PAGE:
Ryan, R M. (2016). The empirical study of human autonomy using self-determination theory. S. Robert, F. Susan, F. Donald. Scientists making a difference: One hundred eminent behavioral and brain scientists talk about their most important contributions 311-315. United States of America: Cambridge University Press. Retrieved from https://doi.org/10.1017/CBO9781316422250.068
Among the most important concerns of people across the globe are issues of freedom and control. Indeed, despite some horrific exceptions, the modern world is trending toward greater human rights, tolerance for diversity, and allowance for individual choices in vocations and lifestyles. Everywhere people fight against oppression and dictatorial controls, and groups that have been stigmatized struggle for equal rights and respect. At a more individual level, people move during their development toward greater self-regulation. They suffer under excessively controlling caregivers, teachers, clinicians, coaches, and bosses. In general, people are more likely to thrive and be positively engaged and motivated in settings where they are empowered and feel a sense of autonomy. Although most laypeople grasp the import of these issues in everyday life, when I was a young clinical psychologist studying motivation, these topics – human freedom, people's capacities and needs for choice, and development toward increased self-direction and autonomy – were mostly treated as pseudo-phenomena, and were at best topics peripheral to mainstream empirical psychology. Some humanistic and psychodynamic psychologists had made such issues their central themes, but they were often not applying strong scientific methods to support their ideas. Could it be right that people's concern with freedom and choice – and, oppositely, their feelings of alienation and frustration when overly controlled – are merely illusory issues? Could it be, as a famous cover of the American Psychologist once claimed, that human behavior is actually “involuntary”? Despite the strong pull of clinical work, I was decidedly preoccupied with such questions during graduate school and was convinced, in part because of philosophical training, that psychologists had largely misconceptualized the issues in this area. I was also, in my everyday work in hospital and outpatient settings, confronted with the costs of compromised human autonomy, and I felt that understanding how autonomy and volition could be better supported could have implications in every applied field, from workplaces and schools to sport fields and psychotherapy clinics. Thus, despite my initial plan to pursue full-time clinical practice, I began to research this topic, in part occasioned by my friendship and collaborations with Edward Deci, who also has a chapter in this volume.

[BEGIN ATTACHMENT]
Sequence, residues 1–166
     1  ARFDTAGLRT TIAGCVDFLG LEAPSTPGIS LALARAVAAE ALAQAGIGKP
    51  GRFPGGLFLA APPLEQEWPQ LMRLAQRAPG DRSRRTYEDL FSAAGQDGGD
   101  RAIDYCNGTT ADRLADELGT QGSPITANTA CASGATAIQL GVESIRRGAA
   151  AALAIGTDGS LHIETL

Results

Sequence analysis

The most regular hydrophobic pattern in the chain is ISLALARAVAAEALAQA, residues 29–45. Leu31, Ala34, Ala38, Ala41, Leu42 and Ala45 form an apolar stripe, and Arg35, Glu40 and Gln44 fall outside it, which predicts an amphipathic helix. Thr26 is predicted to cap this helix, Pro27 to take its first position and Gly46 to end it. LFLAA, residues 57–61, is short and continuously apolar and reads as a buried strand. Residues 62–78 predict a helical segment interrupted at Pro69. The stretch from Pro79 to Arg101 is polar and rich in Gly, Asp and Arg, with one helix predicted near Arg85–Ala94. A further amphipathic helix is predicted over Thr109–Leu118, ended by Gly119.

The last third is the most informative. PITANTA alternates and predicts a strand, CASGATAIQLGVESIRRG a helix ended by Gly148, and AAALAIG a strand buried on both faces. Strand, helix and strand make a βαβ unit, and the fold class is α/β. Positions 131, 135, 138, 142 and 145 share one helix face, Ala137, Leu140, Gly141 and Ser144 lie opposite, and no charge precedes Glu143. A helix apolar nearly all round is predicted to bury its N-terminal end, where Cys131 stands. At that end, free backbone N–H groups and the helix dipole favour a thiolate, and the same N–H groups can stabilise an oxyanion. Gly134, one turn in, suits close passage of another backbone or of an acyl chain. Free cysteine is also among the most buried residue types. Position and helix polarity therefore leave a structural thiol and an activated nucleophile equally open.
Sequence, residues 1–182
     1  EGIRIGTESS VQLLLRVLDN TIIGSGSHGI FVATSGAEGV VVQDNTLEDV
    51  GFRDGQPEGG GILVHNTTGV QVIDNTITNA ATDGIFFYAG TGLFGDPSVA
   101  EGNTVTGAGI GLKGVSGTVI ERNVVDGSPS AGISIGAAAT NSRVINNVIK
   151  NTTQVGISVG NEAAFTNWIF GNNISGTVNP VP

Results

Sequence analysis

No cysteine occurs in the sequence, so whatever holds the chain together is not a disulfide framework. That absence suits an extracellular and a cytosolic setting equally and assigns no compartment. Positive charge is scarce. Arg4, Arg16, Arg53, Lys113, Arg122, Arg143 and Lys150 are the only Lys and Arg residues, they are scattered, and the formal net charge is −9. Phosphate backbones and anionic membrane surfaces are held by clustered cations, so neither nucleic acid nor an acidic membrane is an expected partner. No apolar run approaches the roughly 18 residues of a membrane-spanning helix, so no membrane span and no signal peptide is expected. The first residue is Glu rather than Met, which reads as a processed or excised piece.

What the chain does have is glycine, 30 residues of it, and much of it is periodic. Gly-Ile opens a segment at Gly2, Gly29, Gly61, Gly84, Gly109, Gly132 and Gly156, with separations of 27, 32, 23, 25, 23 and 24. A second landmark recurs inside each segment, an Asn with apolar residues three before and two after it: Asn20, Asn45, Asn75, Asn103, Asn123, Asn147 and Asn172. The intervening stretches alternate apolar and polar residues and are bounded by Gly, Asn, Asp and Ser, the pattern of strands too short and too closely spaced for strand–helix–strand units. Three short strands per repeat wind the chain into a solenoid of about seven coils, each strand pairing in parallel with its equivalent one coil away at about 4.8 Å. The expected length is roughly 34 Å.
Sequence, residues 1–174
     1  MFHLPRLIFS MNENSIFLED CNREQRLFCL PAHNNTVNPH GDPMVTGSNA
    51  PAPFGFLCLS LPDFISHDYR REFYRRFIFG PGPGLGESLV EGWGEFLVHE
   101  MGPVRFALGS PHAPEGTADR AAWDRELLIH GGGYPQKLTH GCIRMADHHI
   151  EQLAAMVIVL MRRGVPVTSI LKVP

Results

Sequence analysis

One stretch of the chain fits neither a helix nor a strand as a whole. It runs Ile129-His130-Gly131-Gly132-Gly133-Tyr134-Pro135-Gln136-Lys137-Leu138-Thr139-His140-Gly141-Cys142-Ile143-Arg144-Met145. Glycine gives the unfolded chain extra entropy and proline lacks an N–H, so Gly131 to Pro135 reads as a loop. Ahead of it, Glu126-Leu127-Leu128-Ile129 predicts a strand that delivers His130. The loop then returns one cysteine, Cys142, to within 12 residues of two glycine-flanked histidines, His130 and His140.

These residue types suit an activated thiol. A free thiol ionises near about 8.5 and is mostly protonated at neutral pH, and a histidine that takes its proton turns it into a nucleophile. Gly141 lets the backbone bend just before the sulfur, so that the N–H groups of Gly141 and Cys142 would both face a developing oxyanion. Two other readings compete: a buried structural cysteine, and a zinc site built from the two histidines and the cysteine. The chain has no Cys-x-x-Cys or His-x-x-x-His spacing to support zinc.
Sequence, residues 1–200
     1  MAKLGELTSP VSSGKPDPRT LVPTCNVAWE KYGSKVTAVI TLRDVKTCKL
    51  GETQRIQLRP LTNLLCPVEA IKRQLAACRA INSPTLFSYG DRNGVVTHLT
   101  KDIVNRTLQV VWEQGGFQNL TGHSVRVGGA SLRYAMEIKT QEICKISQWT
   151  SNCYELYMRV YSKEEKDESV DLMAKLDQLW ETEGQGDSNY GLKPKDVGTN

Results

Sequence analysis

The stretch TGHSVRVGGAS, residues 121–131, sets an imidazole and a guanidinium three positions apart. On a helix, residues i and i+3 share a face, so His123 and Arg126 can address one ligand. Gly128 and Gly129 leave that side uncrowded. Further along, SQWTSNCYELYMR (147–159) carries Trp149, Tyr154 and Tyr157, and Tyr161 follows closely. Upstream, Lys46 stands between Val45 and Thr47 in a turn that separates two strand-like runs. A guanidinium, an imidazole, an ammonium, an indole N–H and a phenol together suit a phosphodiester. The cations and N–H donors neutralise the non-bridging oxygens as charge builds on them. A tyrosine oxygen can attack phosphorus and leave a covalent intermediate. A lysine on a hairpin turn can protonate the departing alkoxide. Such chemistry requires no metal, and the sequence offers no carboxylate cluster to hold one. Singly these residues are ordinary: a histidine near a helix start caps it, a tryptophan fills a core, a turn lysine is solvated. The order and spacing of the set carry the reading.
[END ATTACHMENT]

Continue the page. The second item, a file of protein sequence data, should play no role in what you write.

Institute for Positive Psychology and Education
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